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UTAH’S TOP COURT AGREES INMATE DESERVES FAIR SHAKE

SHARE UTAH’S TOP COURT AGREES INMATE DESERVES FAIR SHAKE

The Utah Supreme Court has agreed with a Court of Appeals panel that a Utah State Prison inmate did not get a fair shake from a 3rd District Court judge.

The inmate, David Renn, had petitioned the judge, seeking a review of a Board of Pardons decision to postpone his second parole hearing for seven years.Third District Judge Frank G. Noel ruled that the petition was filed after the 90-day statute of limitations and thus was not valid.

A panel of the Court of Appeals declared that unconstitutional, based on one of its earlier rulings, and ordered the judge to set a new hearing for Renn's petition. The Board of Pardons appealed, and the Supreme Court upheld the appellate court on Thursday, sending the case back to Noel for a new hearing.

"I think the decision is right," said Renn's attorney, Larry S. Jenkins. "He ought to have a chance to explain the concerns he had with the process."

Renn was convicted in 1990 of manslaughter in Sevier County, a second degree felony, and was sentenced to serve an indefinite term of one to 15 years. At his parole hearing in April the next year, the Board of Pardons questioned Renn and heard from a representative of the victim's family.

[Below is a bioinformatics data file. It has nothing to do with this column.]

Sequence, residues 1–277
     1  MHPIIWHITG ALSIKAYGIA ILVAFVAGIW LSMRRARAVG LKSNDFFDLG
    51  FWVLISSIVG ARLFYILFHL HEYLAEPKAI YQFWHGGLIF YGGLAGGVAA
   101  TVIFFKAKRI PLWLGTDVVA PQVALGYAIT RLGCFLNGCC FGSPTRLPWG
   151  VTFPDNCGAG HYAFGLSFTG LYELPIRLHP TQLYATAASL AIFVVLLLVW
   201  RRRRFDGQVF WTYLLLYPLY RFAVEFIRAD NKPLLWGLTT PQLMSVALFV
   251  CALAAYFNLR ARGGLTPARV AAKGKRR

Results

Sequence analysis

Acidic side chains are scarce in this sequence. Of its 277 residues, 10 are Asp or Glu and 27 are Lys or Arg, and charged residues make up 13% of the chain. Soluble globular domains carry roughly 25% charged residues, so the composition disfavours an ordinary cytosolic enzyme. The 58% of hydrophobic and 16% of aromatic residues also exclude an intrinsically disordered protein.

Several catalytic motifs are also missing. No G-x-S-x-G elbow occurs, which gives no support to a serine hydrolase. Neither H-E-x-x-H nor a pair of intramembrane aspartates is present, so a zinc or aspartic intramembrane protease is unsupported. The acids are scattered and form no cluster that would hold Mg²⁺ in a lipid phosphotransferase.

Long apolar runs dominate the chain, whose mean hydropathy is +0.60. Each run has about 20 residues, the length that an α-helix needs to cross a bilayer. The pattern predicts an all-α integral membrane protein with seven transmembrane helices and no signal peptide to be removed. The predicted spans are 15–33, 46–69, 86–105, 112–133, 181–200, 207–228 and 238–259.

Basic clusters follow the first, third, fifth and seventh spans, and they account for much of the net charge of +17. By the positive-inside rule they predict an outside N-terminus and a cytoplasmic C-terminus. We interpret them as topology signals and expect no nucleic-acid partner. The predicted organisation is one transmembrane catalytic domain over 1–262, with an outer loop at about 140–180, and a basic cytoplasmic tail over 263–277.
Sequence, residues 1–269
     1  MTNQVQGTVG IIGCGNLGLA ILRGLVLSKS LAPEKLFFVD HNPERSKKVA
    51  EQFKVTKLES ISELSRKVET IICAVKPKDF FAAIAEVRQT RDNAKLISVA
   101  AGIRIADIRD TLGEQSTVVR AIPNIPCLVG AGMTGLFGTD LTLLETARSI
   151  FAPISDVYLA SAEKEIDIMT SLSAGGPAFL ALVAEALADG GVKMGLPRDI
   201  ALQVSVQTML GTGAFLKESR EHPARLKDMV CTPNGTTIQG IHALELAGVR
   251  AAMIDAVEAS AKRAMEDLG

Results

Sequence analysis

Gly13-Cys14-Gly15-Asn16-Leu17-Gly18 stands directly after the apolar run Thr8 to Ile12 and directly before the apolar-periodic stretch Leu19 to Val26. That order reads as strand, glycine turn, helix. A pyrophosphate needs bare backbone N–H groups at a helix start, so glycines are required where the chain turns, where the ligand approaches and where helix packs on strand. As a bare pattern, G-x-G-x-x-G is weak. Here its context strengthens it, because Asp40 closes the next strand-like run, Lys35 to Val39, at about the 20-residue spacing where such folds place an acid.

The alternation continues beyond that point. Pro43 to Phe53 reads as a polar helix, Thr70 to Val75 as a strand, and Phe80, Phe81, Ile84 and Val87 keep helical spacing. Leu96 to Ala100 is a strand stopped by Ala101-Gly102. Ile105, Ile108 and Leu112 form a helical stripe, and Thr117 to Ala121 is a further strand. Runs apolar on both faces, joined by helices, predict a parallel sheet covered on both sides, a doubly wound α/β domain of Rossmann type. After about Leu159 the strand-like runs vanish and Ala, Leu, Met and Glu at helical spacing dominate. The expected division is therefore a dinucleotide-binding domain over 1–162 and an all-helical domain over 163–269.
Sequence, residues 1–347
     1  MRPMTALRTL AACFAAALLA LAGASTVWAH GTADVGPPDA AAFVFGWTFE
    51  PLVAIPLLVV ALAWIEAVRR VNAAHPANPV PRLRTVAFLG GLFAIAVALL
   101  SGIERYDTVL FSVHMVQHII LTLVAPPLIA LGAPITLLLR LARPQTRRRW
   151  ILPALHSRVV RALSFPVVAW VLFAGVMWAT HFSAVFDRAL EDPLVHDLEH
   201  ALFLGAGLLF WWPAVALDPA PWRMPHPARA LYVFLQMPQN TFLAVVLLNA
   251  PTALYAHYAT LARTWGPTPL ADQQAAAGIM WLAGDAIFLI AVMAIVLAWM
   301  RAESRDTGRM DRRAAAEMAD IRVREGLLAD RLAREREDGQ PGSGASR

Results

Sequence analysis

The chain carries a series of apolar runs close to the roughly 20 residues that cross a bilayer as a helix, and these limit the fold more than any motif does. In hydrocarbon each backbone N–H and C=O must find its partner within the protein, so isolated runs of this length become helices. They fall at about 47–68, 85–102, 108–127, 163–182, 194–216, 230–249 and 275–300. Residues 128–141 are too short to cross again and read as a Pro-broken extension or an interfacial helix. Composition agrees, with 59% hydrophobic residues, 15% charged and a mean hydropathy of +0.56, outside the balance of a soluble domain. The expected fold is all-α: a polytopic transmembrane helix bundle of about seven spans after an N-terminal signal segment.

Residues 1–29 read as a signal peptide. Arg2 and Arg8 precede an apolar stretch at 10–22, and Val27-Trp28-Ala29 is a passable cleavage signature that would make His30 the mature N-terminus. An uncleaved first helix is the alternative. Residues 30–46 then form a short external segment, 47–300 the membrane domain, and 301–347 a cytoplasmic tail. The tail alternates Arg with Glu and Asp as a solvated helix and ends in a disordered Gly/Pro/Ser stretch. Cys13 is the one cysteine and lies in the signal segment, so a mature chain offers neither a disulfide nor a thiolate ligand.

The board said it needed more information about Renn before it could grant him a parole date. The board ordered a psychological evaluation of Renn and issued an interim decision setting a second parole hearing for July 1995. But when the final decision came out, it postponed Renn's parole rehearing until July 1998.

The next year, Renn filed his petition, telling the judge the board had acted arbitrarily and with "no consistency and no logical reason" in picking a parole rehearing date that exceeded the board's guidelines for manslaughter; in adding three years to his wait; and in not explaining its reasons for adding the three years.

Jenkins said Renn had no prior convictions, and the board's guidelines normally would suggest he be behind bars for 24 months. "He's already been there for five years," Jenkins said.

More far-reaching than the fact Renn will get a new hearing, however, is an academic aspect of the Supreme Court ruling in his case. The high court said Court of Appeals decisions are binding on other state courts, whether the rulings are based on the state constitution or not.

The Utah Attorney General's Office has argued in several cases, as in the Renn case, that appellate decisions on the constitutionality of statutes are not binding.

"To adopt that view would be to disregard the nature of the Court of Appeals' jurisdiction," the Supreme Court opinion, written by Associate Chief Justice I. Daniel Stewart.

"What this does is finally put it to bed," Jenkins said.